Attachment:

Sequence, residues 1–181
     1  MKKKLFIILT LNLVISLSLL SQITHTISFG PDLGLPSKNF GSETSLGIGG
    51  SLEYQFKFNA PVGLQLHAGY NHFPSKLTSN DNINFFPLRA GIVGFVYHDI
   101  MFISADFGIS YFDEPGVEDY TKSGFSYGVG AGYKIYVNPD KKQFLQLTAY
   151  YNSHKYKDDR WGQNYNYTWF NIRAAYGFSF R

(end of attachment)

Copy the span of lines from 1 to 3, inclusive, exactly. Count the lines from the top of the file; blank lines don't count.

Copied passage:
Sequence, residues 1–181
     1  MKKKLFIILT LNLVISLSLL SQITHTISFG PDLGLPSKNF GSETSLGIGG
    51  SLEYQFKFNA PVGLQLHAGY NHFPSKLTSN DNINFFPLRA GIVGFVYHDI